The Continuum of Support (Primary)

The Department has set out the Continuum of Support framework to assist schools in identifying and responding to students’ needs. This framework recognises that special educational needs occur along a continuum, ranging from mild to severe, and from transient to long term, and that students require different levels of support depending on their identified educational needs. Using this framework helps to ensure that interventions are incremental, moving from class-based interventions to more intensive and individualised support, and that they are informed by careful monitoring of progress.

The Continuum of Support is a problem-solving model of assessment and intervention that enables schools to gather and analyse data, as well as to plan and review the progress of individual students.

An illustration of the problem-solving process.

Using the Continuum of Support framework, schools can identify students’ educational needs, to include academic, social and emotional needs, as well as needs associated with physical, sensory, language and communication difficulties. The framework emphasises the importance of looking at a student’s needs in context, and provides useful resources to support this (for example, Learning Environment Checklist, Teacher Checklist for Whole-Class Structures and Supports).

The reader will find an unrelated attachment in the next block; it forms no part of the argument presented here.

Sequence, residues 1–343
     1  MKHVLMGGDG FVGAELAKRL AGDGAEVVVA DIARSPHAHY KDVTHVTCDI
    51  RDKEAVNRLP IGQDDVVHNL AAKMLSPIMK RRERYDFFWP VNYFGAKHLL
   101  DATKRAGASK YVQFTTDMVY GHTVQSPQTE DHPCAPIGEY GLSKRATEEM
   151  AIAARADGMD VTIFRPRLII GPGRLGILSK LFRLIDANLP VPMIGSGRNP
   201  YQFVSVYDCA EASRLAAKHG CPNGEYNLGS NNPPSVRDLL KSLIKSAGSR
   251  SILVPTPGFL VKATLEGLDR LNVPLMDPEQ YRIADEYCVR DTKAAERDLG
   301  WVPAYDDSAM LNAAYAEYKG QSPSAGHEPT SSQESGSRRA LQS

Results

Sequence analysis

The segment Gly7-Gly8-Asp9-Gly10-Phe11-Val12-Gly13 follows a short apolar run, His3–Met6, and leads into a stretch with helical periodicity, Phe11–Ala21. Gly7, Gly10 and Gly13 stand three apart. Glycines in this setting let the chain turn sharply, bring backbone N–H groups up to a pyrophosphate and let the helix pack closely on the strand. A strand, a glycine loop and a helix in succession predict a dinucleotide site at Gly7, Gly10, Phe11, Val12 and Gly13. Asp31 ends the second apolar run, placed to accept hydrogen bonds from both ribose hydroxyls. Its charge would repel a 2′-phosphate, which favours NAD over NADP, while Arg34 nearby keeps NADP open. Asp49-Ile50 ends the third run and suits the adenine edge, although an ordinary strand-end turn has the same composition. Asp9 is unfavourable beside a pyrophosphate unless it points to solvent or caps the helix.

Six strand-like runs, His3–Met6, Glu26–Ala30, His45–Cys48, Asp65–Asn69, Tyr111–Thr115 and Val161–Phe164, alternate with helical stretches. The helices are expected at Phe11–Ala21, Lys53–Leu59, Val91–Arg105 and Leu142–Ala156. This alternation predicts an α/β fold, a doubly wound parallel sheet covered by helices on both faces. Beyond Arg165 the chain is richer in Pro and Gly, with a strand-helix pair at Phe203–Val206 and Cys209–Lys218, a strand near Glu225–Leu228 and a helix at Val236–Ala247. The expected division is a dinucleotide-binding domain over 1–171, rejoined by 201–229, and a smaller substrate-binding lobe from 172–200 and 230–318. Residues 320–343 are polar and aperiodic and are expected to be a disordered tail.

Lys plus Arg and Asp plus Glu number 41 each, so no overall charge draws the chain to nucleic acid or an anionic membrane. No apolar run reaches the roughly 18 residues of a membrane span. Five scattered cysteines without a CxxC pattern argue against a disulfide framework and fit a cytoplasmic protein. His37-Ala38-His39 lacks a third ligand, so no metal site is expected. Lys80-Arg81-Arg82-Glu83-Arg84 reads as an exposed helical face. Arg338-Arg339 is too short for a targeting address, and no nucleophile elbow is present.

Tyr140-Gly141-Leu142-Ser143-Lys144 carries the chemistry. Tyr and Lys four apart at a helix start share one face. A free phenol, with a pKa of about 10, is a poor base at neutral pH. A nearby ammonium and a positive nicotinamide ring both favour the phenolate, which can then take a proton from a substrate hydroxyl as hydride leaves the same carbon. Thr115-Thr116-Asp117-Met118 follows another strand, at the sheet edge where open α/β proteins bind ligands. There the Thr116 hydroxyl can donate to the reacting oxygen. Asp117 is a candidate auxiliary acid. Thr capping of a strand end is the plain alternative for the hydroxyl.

The Continuum of Support enables schools to identify and respond to needs in a flexible way. This means that needs can be responded to as early as possible. Of course, the principle that pupils with the greatest level of need have access to the greatest levels of support is of primary importance. This approach is also supported by information and engagement with external professionals, as required.

The following levels of support are suggested.

A Continuum of Support


Table 1 (download here)  outlines how a school can collect evidence about students’ educational needs at each level of the Continuum of Support. This evidence can then be used to adapt teaching, to plan the next steps in students’ learning and to gauge their responses to intervention. When data and information are carefully collected, shared and compared, schools can identify and respond to those students who have special educational needs.